Management Cultures Around the World – A look back at our online event with The Odyssée Managériale

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Management Cultures Around the World – A look back at our online event with The Odyssée Managériale

Management Cultures Around the World – A look back at our online event with The Odyssée Managériale

To kick-off our 2022-2023 events cycle, Fabric had the joy to host an online conference with guests Romain Meyer and Clément Meyer. Fabric’s partner Chloe Grabli introduced those two brothers in their early twenties that went on a world tour to explore new management practices.

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They visited 8 countries, met 100 companies and organizations, and interviewed 200 persons. Today, they are back from their trip to share their observations from 4 different countries and try to answer the question “How can we work together when we have very different cultural backgrounds?”.

Norway or the “Buddy Manager”

When traveling through Norway, the two brothers observed a strong culture of care and confidence. One example was this CEO explaining he decided to give one month of paid-leave to one of his employees going through a complicated divorce, so they could preserve their mental health without having to quit the job, lose salary or spend all their vacation days. This demonstrates the high level of trust and care between employees and managers – that often share personal information with their teams – Clément and Romain witnessed during their stay in Norway.

They reminded us that the management culture of Norway is rooted in humility and horizontality (illustrated by the comparatively small wage gap between top executives and employees), as detailed in the unofficial moral code “Law of Jante” written by the Danish-Norwegian author Aksel Sandemose in the 1930s.

Brazil or the “Empowering Manager”

In Brazil, Clément and Romain met about twenty companies and witnessed a culture geared toward autonomy and empowerment. The managers rely on very clear and detailed rules and processes – some had entire wiki with pages about how to conduct types of meetings or how to resolve conflicts – to allow employees to be independent in their daily tasks. Half of the companies they met were full remote, most of them having gouvernance inspired by holacracy.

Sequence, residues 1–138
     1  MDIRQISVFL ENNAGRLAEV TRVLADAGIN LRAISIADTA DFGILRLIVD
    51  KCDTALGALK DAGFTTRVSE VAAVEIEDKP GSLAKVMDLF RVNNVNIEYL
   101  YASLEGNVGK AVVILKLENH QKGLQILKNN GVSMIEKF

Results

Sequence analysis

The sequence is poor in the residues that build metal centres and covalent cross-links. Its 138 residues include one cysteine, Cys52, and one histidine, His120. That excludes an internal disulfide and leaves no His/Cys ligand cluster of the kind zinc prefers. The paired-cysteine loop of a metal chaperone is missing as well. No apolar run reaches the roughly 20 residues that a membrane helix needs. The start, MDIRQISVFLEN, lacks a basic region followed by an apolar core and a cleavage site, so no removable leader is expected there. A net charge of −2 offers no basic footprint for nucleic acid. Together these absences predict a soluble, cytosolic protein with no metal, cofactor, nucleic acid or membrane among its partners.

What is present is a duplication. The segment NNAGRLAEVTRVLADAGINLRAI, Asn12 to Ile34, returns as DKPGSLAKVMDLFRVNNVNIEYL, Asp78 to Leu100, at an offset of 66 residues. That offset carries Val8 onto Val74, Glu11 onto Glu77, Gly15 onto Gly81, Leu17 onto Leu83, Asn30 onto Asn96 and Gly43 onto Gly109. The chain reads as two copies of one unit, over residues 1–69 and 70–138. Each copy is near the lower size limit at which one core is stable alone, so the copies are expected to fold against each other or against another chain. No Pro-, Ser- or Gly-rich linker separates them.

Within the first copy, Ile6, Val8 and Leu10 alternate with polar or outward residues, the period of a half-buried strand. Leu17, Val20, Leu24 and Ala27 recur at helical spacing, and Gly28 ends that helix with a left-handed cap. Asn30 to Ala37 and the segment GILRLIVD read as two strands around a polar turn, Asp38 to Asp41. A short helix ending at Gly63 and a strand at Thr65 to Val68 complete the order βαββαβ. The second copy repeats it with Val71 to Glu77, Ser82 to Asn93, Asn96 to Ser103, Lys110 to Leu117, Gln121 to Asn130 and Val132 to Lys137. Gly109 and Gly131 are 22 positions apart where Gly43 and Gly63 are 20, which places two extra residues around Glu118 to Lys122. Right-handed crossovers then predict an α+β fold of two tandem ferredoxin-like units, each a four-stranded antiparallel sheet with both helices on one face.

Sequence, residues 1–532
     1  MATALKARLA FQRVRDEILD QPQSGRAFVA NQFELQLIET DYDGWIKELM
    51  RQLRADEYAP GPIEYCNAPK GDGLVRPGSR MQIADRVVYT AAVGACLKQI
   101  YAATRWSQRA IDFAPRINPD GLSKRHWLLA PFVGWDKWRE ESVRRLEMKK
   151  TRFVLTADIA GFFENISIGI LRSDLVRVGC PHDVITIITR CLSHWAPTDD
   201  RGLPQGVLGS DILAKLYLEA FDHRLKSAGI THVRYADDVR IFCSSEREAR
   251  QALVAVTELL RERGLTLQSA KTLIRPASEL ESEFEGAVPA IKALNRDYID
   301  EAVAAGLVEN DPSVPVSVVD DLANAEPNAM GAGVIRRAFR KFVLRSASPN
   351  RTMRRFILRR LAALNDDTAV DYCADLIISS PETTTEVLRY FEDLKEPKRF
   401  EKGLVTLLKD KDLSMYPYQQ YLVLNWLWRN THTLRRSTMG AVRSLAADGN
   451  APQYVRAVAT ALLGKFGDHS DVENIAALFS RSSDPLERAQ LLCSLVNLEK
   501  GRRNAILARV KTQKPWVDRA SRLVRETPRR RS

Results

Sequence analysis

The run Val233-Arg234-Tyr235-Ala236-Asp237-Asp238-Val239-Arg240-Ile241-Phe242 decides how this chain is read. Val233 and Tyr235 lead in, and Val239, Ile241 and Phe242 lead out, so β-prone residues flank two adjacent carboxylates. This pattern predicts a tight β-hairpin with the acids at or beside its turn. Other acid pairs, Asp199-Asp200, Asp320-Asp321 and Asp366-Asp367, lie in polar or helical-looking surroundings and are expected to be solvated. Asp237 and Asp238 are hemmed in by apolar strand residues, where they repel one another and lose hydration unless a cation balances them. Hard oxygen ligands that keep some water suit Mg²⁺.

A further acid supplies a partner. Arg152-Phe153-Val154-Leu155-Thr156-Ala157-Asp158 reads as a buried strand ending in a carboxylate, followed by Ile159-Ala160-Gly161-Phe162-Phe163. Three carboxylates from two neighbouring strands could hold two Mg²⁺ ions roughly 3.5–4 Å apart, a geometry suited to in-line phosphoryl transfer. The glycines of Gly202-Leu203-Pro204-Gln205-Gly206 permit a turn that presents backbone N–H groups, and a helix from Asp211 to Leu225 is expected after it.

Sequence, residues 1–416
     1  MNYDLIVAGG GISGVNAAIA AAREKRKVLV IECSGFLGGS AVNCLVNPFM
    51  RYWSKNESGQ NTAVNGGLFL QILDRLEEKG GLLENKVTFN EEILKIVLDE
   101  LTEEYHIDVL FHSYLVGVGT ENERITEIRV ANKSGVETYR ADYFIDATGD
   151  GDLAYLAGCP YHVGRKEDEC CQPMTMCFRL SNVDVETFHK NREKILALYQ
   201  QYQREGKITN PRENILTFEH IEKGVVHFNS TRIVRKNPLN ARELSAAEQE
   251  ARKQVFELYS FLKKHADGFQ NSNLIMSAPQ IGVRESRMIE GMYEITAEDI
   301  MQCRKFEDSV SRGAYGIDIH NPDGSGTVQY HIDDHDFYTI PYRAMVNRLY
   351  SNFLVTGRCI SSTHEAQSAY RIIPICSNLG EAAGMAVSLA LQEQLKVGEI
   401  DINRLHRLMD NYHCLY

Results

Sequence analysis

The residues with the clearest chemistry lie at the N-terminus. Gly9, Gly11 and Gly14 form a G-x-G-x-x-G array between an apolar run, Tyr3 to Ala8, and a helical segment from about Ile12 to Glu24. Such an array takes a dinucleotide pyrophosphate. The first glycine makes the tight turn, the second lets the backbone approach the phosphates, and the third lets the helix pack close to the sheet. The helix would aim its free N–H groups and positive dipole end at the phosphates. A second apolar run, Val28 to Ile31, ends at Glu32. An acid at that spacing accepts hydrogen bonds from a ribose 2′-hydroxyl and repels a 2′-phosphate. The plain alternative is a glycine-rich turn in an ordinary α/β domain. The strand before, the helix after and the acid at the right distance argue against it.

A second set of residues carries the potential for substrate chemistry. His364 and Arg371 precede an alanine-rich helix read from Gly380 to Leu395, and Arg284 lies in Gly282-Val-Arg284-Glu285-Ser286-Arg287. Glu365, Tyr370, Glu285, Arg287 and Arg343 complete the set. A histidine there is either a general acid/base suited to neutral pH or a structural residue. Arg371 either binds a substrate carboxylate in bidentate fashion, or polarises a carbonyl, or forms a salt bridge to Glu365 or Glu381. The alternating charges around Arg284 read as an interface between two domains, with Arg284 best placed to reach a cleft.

Canada or the “Servant Manager”

Clément and Romain traveled to Montréal where they noticed a culture involving a strong respect between employees and managers, with a focus on empathy and recognition. For example, in most of the companies, meetings start and end with a check in and check out, to allow people to express their emotions and to truly listen to each other. What they dub “Good Vibes Practices” also involve sending weekly recognition cards to your colleagues through a dedicated software – managers have access to these feedbacks and can thus appreciate their work, while it could go unnoticed otherwise.

South Korea or the “Military Manager”

The biggest culture shock for the two brothers was with South Korea. They saw a true respect for hierarchy, with the systemic use of titles, that leads to very good operational performance and impressive productivity, while it may lead to restrained creativity and a refusal to recognize mistakes. For example, it is common for managers to monitor every employees’ computer screens, or to issue mandatory invites to afterwork drinks and dinners. We might think younger generations would want to depart from those practices, but they expressed a deep attachment to those rules.

 

After this insightful overview of different management practices, participants had the opportunity to share with each other about their own experiences and their interrogations.

What about new technologies?

We discussed how social media and new technologies like the Metaverse could impact the way younger generations act at work. Elaborating on the South Korea example, Clément and Romain explained the young people they met expressed a real need for order and strict framework in order to operate with speed, or to not feel “lost” in the societal structure. However, it was hypothesized that new technology like the Metaverse could be used as a tool of escapism and a coping mechanism with the pressure from the office.

Finding one’s management style

When asked on which criteria the brothers would choose their managerial style, they both stated they would pick various practices from the different countries, rather than adopting an already defined style of management, while underlying they would strive to make their teams happy.

Managing a multicultural team

Tackling the difficult question of managing a team with people from different cultural backgrounds, Romand and Clément advised to seek first and foremost to understand each distinct employee’s point of view, and to talk a lot with local people from those cultures when possible. The tricky part is to be able to deploy practices that fit everyone, and take time to educate employees to show how each practice can add value. It’s also ok to make exceptions for some employees that, for example, may need more defined rules to thrive at work.

What's next?

Romain and Clément closed the conference by revealing they intend on going on a learning expedition in their home country France. They plan to examine French management culture and test their hypothesis that French managers are “hero managers”, expected to find solutions to every problem. You can follow Romain and Clément next adventure on their website: odysseemanageriale.com

 

You can (re)watch Romain and Clément’s presentation on our Youtube channel:

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